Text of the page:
This blog has featured guys with glasses, guys with crossed eyes, guys with eyes closed, and guys with painted portraits that just totally butcher the eyes. As for this post, well, it’s all those things ... and more!
The wandering eye …
Vic Harris was up for eight years, mostly as a weak-hitting (.217 career average) backup infielder. He also tried his luck in Japan, with one terrific year (22 homers!) and then not so much.
Not a lot on ol’ Vic out there. In fact, the one post I found, on cardboardgods.net, is almost 99% about the author. Then again, most posts on that blog are about the author as well. ;^)
There was also a Negro Leagues player of the same name. He played for and managed the legendary Homestead Grays. He was at the helm for eight straight pennants.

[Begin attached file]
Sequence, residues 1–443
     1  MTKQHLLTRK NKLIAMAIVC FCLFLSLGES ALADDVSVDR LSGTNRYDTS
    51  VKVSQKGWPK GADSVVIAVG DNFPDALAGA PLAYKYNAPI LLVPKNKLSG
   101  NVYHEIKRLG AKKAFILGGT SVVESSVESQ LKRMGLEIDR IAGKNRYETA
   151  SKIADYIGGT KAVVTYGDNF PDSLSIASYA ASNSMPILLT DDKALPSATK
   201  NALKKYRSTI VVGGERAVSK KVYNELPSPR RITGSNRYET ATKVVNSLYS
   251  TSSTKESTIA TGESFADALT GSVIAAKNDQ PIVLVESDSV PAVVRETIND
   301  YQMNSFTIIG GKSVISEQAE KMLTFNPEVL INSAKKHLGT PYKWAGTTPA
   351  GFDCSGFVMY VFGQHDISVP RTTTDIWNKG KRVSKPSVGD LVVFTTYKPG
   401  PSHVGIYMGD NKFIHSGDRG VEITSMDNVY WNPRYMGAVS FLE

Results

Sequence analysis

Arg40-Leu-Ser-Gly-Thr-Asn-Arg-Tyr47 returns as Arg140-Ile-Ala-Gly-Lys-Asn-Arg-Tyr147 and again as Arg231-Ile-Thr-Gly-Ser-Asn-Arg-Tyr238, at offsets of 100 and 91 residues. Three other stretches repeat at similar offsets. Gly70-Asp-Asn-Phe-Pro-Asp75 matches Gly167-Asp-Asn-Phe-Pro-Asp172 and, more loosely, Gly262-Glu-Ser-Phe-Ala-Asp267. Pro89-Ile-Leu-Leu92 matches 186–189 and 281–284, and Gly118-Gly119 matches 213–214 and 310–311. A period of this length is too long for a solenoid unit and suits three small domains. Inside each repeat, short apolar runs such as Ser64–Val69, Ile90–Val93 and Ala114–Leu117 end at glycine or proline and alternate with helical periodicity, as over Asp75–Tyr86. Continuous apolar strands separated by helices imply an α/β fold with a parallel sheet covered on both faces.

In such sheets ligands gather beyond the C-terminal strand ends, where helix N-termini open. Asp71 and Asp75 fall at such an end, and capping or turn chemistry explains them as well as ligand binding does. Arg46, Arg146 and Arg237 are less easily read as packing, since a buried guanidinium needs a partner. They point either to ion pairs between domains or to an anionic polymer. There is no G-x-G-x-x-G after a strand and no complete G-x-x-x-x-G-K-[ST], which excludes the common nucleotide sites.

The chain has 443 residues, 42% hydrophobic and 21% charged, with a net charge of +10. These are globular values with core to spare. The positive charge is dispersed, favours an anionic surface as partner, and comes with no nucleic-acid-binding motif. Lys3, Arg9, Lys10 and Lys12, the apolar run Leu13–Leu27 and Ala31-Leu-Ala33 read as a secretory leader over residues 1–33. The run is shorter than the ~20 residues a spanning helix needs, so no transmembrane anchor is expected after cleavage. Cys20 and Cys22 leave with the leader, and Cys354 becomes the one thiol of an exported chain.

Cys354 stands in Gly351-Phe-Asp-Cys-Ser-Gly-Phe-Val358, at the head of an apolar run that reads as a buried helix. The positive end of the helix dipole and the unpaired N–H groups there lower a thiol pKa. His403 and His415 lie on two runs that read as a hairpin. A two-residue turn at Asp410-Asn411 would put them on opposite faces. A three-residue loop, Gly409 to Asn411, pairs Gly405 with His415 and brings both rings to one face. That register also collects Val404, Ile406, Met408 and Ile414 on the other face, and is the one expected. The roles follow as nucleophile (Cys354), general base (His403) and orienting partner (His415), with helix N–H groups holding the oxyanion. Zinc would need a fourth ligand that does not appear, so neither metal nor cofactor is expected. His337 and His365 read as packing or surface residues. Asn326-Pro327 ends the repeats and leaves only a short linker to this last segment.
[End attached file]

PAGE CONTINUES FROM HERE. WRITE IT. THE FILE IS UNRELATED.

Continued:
Wandering the other way …
Leon McFadden was a poor man’s Vic Harris, if you can imagine that. McFadden was up for three years, getting in only 121 at bats (and finishing with a .215 average). He also tried his luck in Japan, with very similar results.
Leon’s main claim to fame is probably attending high school with four other future major leaguers: Brock Davis, Willie Crawford, Bobby Tolan, and Bob Watson.
There is also an NFL player named Leon McFadden. Now, what are the chances of that? Wait ... Hold on a minute … It’s Leon’s son!
Alright, now let’s try the other eye …
I remember this guy! He pitched for my beloved Pirates for four years in the mid-70s.
Though he was up for only those four years, he did have a decent 29-23 record and 3.72 ERA. Classic case of arm trouble, I’m afraid. He was out of baseball by age 27.
By the way, Larry is the son of former Negro League pitcher Artist Demery. And his brother, Art, also played pro ball, in the Royals organization.